The Blue Bird of Happiness…Florida Scrub-Jay!
No, that is not a Florida Scrub-Jay…that pic is a Blue Macaw Parrot! 😉
If you have followed my blog, you will note that I have posted about endangered and protected species in Florida.
The links are below:
Last week, the Captain and I were at a remote part of Cape Coral to see the the Florida Scrub-Jays with our friends from the Midwest….
And yesterday, I went back to show another friend, My Chocolate Cake Buddy… these beautiful, friendly birds!
Being friendly, is not a good thing as many people lure the birds with food and this interrupts their breeding cycles.
The parents are overfed and the poor little chicks are born early…before any of the seeds, berries and caterpillars are abundant.
Consequently, many chicks die of starvation or are malnourished.
The Florida Scrub Jay habitat has been reduced dramatically, causing them to be declared a threatened species in 1987.
I love all birds…as you who know me will attest.
I particularly love blue birds….perhaps it is the Blue Bird of Happiness that draws me to these beautifully colored blue birds.
While living in the mountains of New Mexico, we had many birds come to our feeders situated very close to my dining room table…including Western Scrub Jays, Mountain Blue Birds, Steller’s Jays, Pinion Jays just to name a few of the “blue” birds.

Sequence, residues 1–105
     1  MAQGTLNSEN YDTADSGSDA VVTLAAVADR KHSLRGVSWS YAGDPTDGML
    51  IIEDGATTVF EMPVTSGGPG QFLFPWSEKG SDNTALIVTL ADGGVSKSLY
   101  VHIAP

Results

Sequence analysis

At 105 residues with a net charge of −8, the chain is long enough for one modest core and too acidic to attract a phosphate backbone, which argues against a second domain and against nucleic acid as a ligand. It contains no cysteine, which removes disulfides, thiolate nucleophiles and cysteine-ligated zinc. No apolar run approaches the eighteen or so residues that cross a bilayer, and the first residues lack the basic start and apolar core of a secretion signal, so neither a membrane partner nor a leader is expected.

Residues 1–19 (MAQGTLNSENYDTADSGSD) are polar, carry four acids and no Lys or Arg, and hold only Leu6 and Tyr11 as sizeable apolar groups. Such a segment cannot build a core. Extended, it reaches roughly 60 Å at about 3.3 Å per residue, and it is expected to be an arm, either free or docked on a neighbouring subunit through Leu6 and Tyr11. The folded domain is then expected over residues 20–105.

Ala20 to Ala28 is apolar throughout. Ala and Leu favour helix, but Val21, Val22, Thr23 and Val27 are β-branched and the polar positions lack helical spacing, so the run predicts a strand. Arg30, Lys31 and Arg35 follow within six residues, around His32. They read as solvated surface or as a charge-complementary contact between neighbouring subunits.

But, did you know that blue birds are not really blue?
According to The Cornell Lab of Ornithology, “The colors in the feathers of a bird are formed in two different ways, from either pigments or from light refraction caused by the structure of the feather. Tiny air pockets in the barbs of feathers can scatter incoming light, resulting in a specific, non-iridescent color. Blue colors in feathers are almost always produced in this manner. Examples include the blue feathers of bluebirds, Indigo Buntings, Blue Jay’s and Steller’s Jays. If you find the feather of a Blue Jay or Steller’s Jay you can see for yourself how this works. First, observe the feather in normal lighting conditions and you will see the expected blue color. Next, try back-lighting the feather. When light is transmitted through the feather it will look brown. The blues are lost because the light is no longer being reflected back and the brown shows up because of the melanin in the feathers.”
Just thought you would like to know. 🙂
Have a great day and enjoy our wonderful birds, no matter where you live!